The Intake

Insights for those starting, managing, and growing independent healthcare practices

Starting a medical practice? Consider these permits

Getting ready to open your own medical practice? Find out if applying for the following permits should be on your to-do list.

woman researching medical practice permit needs on computer

At A Glance

  • Beyond having a medical license, a general business or professional license is also essential for the legal operation of your practice in your locality
  • Local health departments or similar regulatory bodies might require permits to ensure the practice aligns with local health and safety regulations
  • Depending on the location and services, a practice may need zoning, building, and special permits

Starting your own medical practice typically involves obtaining different types of business permits and healthcare licenses. As with most aspects of opening a private medical practice, the specific requirements will vary depending on the size, specialty, and location of your practice, so it’s always a good idea to check local regulations and consult with an attorney to ensure that you’re fully compliant.

Here are some common permits and licenses that you may need when starting a medical practice.

A medical license

Your medical license is a fundamental requirement for practicing medicine and providing telehealth services legally in your jurisdiction, so if you haven’t already applied in the state in which you plan to practice (or if your state is not part of the Interstate Medical Licensure Compact), now is the time to do so. 

If you are applying for your license for the first time, or applying for a license from a new state, research the exact licensing requirements, including application fees and renewal intervals. The Federation of State Medical Boards (FSMB) provides a comprehensive list of contact information for each state medical board, as well as resources to make the process easier. It’s important to find out if the state in which you are applying has separate boards for medicine and osteopathy and is a member of the Interstate Medical Licensure Compact. The process can take many months to complete, so the sooner you start, the better.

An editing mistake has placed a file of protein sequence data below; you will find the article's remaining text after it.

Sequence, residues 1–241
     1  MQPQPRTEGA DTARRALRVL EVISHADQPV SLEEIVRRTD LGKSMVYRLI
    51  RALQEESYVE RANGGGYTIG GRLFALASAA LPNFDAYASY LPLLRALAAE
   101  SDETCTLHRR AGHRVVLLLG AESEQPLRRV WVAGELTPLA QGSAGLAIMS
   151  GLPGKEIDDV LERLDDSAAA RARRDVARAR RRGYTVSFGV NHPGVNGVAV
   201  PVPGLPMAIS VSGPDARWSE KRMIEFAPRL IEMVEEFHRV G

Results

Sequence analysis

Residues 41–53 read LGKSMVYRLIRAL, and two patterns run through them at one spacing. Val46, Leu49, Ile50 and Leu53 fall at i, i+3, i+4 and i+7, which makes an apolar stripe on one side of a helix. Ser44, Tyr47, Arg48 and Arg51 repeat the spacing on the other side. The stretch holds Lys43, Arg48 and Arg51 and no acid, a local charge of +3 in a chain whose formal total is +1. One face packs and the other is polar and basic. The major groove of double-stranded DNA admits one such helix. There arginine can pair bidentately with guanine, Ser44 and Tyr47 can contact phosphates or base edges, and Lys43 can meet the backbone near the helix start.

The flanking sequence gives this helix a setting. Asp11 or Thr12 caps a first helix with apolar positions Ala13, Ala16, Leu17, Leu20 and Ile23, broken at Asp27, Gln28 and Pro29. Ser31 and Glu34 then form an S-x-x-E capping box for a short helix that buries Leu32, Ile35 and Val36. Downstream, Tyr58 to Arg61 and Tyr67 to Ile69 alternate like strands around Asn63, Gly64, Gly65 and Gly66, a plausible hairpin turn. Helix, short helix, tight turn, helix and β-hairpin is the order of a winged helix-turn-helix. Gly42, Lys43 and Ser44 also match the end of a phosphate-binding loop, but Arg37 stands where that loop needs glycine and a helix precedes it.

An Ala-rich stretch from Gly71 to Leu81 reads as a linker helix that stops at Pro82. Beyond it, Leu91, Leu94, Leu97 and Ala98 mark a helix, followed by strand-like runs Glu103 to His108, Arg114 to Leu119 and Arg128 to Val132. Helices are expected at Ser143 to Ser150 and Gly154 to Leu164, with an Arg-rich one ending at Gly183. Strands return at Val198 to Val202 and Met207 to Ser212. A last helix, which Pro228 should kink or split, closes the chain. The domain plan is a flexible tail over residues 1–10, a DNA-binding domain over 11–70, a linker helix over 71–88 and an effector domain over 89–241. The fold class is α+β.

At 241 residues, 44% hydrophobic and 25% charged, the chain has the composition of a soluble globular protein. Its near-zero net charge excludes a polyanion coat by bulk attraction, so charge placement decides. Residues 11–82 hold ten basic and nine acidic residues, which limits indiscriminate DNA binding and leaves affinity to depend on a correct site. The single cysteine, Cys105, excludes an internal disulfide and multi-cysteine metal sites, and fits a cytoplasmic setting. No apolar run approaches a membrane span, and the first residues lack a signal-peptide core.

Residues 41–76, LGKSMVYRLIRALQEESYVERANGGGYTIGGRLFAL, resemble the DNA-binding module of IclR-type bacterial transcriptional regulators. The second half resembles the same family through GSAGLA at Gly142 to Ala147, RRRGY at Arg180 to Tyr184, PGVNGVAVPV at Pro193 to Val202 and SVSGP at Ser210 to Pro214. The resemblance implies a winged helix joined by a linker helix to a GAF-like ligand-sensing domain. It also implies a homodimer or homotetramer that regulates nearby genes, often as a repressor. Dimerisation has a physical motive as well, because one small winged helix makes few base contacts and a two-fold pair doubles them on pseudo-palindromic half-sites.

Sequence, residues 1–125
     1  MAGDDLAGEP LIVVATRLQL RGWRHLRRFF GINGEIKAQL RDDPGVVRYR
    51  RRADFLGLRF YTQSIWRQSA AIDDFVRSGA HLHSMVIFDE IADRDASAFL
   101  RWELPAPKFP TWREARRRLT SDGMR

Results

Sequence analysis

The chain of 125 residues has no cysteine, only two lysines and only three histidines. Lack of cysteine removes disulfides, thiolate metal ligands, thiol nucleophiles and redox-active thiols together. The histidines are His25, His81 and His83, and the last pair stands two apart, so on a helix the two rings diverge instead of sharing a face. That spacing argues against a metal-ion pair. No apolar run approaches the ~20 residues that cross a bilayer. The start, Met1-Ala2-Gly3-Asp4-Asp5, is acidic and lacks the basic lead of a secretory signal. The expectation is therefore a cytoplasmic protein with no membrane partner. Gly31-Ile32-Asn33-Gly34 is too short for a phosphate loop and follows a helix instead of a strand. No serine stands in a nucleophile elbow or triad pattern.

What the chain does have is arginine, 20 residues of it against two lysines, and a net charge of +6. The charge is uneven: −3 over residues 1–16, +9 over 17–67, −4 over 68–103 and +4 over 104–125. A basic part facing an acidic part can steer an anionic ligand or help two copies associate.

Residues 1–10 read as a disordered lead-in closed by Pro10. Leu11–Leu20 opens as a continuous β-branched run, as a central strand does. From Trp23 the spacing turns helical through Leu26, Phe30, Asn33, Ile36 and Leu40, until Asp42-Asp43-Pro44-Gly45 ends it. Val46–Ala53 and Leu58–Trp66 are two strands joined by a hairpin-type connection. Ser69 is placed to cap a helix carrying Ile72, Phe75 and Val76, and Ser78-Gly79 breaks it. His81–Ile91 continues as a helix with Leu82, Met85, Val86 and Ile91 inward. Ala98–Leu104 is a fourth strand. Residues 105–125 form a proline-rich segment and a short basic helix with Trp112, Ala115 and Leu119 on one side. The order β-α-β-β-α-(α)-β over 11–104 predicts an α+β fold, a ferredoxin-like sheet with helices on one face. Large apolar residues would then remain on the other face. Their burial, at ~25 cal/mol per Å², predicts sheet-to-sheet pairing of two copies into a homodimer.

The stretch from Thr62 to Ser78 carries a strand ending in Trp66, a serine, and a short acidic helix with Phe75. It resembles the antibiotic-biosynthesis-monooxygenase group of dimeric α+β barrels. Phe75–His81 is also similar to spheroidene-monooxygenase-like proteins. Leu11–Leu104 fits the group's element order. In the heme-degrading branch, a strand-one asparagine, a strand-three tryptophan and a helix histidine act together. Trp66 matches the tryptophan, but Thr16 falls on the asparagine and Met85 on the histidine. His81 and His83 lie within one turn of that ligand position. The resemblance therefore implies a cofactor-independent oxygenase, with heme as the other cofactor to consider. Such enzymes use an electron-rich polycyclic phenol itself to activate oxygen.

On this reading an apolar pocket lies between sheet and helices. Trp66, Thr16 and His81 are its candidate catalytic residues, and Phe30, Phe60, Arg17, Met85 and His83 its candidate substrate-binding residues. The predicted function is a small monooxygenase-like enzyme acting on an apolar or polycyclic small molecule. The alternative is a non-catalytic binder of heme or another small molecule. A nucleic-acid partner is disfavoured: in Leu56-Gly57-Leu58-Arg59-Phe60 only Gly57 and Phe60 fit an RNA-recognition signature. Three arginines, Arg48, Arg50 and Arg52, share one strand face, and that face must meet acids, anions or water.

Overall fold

A business license 

Your medical license isn’t the only type of license required to open your practice. You’ll likely need a general business or professional license specific to operating a medical practice from your local government or municipality.

Why do I need a business license for my medical practice?

While the primary purpose of your practice is to provide healthcare services, it’s still a business in the eyes of the law. Obtaining a general business license is important for many reasons, including:

  • Legal compliance: A general business license ensures that your practice operates legally and complies with local, state, and federal regulations. It allows your practice to conduct business activities within the designated jurisdiction. Your business must be properly incorporated and registered with the state to operate legally. 
  • Identification and taxation: A business license provides a unique identifier for your practice, making it easier for regulatory authorities to track and identify the entity for tax and legal purposes. It also ensures that the practice is appropriately taxed based on its commercial activities.
  • Patient protection: A business license offers a level of consumer protection by ensuring that your practice adheres to certain standards and regulations. It provides transparency and accountability for your patients and the public and helps safeguard your patients by ensuring that your practice meets certain safety, health, and operational requirements. 
  • Liability and insurance: Some insurance providers may require a business license before they will agree to cover the medical practice. Having a license in place can make it simpler to obtain liability insurance and other business-related coverage.
  • Legal recourse: Operating without a required business license can lead to legal penalties and fines. A valid license protects your practice’s interests and access to legal recourse if needed.

Research the specific licensing requirements in your location and comply with all applicable laws and regulations.

State or local health department permits

Depending on your location, you may need to obtain a permit or license from your state, county, or city health department, or a similar regulatory body. These permits ensure that your medical practice complies with local health and safety regulations. The requirements vary by location, but will likely include the following:

  • Business information: Provide detailed information about your medical practice, including its name, address, ownership structure, and contact details.
  • Licensing and credentials: Submit documentation of your medical licenses and the professional credentials for all healthcare providers at your practice.